OPERA TODAY ARCHIVES »

Reviews

04 Jun 2016

Carmen in San Francisco

Calixto Bieito is always news, Carmen with a good cast is always news. So here is the news.

The "Bieito Carmen" in San Francisco

A review by Michael Milenski

Above: Ginger Costa-Jackson as Carmen with supernumerary soldier [All photos copyright Cory Weaver, courtesy of San Francisco Opera]

 

The Calixto Bieito Carmen is old news, this edition having already taken place in Barcelona, Venice, Torino and Bilbao where I saw it in 2014. Already a Bieito Carmen has been around on advanced European operatic stages since 1999. This production was never headline news, finding instead this extraordinary stage director in a rather subdued state.

Bieito always creates a world that puts you on edge, here it was the cut-out bulls on the hilltops of Spain, gypsies in dilapidated cars, freaked out youth, blinding beaches and lurid tourism, and of course bull rings. Yes, in Bieito’s world there is fellatio, pissing, nudity, gang rape, child abuse and unbridled brutality. Yes, Mercedes was Lilas Pastia’s middle-aged wife, and yes, Don Jose was really annoyed by an insistent Micaëla who sang her pretty song and then gave Carmen the “up-yours.”

First delineated by a semi-naked soldier hypnotically circling the stage for much of Act I Bieito’s Act IV bull ring finally was only a chalk-line circle laid down by Lilas Pastia in which the raw power of Carmen’s indifference was pitted against the impotent supplications of Jose. Murdered, Jose dragged Carmen out of the circle — like a dead bull.

Movement is violent and often sudden in this Bieito world. There were very limited moments of dialogue but many additions of crowd noise and shouts, and punctuations of imposed silence broken by frenetic crowd clamor. The quintet [in Bilbao] was splendidly staged catching the lightening speed of the music in fast, demonstrative movement, and the trio was deadpan, the cards read on the hood of a car with no sense of doom, Carmen indifferent to her fate.

There was no set. A simple cyclorama against which there was first a flag pole and a phone booth, then a car and a Christmas tree, then eight cars and a gigantic cut out bull and finally nothing except a beach with a marked out chalk ring.

All this might seem a recipe for a powerful tragedy, but this does not seem to be Bieito’s intention. The telling of Jose’s infatuation disappears into this cosmos of marginal life in Spain and becomes unimportant in itself, its emotions melted into the morass of a much bigger and equally violent, emotionally raw world.

Bieito’s Carmen world did not make it to San Francisco.

Production notes clarify that what we have now in San Francisco is “based on” Bieito’s 1999 production, staged “after Bieito” by Spanish director Joan Anton Rechi. For the record there was no fellatio, no pissing, no gang rape, no child abuse and no unfettered brutality. Replacing Bieito’s violent, elemental world are precious emblems of some Spanish village in North Africa, to wit 1980’s Mercedes Benz (six of ‘em) that are used as taxi’s thereabouts.

Replacing Bieito’s mythical characters, his larger than life personages that embody the tragic human scope of men and women (and a child as well) caught relishing this brilliant, brutal world were very fine singers in young artist programs or recent graduates thereof (with the exception of the Micaëlas of Ellie Dehn and Erika Grimaldi, both established, elegant exponents of Mozart’s Countess).

Carmen16_SF2.pngIrene Roberts as Carmen, Brian Jagde as Don José

Bieito’s emblematic tragedians were now young, real people, who recently perfected their roles in coaching studios. Director Joan Anton Rechi obliged their fine preparation with what would liked to have passed as a type of realism. The resulting movement on stage however read as practiced mechanical motion rather than as a gritty enactment of character realization. With no real character achieved by these too willing young artists no continuity of story emerged, leaving Bizet's tragic masterpiece a series of unrelated musical numbers.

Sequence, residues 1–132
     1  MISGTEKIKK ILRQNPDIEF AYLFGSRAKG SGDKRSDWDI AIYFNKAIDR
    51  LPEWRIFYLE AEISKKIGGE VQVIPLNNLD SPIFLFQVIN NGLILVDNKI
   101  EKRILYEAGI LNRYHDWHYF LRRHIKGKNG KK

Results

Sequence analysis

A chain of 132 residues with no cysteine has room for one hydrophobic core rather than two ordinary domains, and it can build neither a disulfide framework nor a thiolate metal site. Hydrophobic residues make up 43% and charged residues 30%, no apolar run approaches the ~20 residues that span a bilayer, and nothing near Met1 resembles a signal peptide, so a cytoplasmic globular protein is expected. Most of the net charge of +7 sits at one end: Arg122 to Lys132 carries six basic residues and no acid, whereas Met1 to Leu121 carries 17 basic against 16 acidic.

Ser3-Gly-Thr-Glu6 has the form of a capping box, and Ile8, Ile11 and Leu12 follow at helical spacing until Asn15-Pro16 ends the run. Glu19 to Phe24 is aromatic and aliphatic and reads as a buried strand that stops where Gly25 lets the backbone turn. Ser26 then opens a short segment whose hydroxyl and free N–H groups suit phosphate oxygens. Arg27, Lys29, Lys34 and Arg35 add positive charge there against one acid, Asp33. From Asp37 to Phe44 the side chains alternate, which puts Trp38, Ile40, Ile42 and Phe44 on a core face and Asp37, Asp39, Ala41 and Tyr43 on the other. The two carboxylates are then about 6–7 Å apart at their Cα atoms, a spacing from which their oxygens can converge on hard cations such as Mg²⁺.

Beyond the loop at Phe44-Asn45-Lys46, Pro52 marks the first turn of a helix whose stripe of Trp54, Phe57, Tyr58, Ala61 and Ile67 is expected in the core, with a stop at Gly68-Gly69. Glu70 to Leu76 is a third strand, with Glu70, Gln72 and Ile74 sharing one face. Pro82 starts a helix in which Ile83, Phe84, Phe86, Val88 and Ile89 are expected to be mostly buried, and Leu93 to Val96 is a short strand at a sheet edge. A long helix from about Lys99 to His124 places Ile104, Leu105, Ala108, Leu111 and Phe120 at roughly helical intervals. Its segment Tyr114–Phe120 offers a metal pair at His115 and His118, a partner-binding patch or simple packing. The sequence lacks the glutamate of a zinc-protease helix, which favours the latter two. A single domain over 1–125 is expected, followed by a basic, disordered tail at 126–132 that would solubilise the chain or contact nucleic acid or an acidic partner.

Italian conductor Carlo Montanaro relished the elegance of the esteemed San Francisco Opera Orchestra, finding a continuum of refined sound rather than capturing the changing moods and violence Bizet’s musical kaleidoscope. Tempos seemed too fast or too slow, or both at the same time. Both the flute and cello solos were self-consciously over-articulated destroying dramatic mood in search of elegance.

The San Francisco Opera Orchestra is a major ensemble, capable of plumbing the dramatic depths of the repertory, in fact you get the feeling it is straining at the bit to do so. Pairing it with an eviscerated production and a clueless conductor squanders this splendid resource.

Both of the Carmens, Irene Roberts and Ginger Costa-Jackson who alternate in the eleven performances are viable artists and both are real, ingenue Carmens. I particularly appreciated the variation of vocal color projected by Mlle. Costa-Jackson, and greatly admired the splendid voices and solid techniques of both artists. Tenor Brian Jagde sings ten of the eleven performances, many back to back, i.e. day after day. Tenor Adam Diegel sang one performance (May 28) in which he found some of Bizet’s hapless lover. Brian Jagde seemed too busy making great big tenor sounds — that wore us out over the long evening — rather than finding the humanity of this role.

Carmen16_SF3.pngEllie Dehn as Micaëla

Italian soprano Erika Grimaldi was miscast as Micaëla, though her “Je dis” on May 28 was beautifully and very elegantly delivered. On June 1 soprano Ellie Dehn was a-fish-out-of-water and in apparent vocal difficulty. Neither of the two Escamillos could fill the breeches of Bizet’s toreador, nor muster the required vocal coglioni — inexplicable casting. All supporting roles were responsibly sung, though cast without regard to the character needs of this Bieito production.

Michael Milenski


Casts and production information:

Carmen: Ginger Costa-Jackson (May 28); Carmen: Irene Roberts (June 1); Don José: Adam Diegel (May 28); Don José: Brian Jagde (June 1); Micaëla: Ellie Dehn; Escamillo: Michael Samuel (May 28); Escamillo: Zachary Nelson (June 1); Frasquita: Amina Edris; Mercédes: Renée Rapier; Morales: Edward Nelson; Zuniga: Brad Walker; El Dancairo: Daniel Cilli; El Remendado: Alex Boyer; Lillas Pastia: Yusef Lambert. Chorus and Orchestra of San Francisco Opera. Conductor: Carlo Montanaro; Production: Calixto Bieito; Stage Director: Joan Anton Rechi; Set Designer: Alfons Flores; Costume Designer: Mercé Paloma; Lighting Designer: Gary Marder. War Memorial Opera House, San Francisco, May 28 and June 1, 2016.

Send to a friend

Send a link to this article to a friend with an optional message.

Friend's Email Address: (required)

Your Email Address: (required)

Message (optional):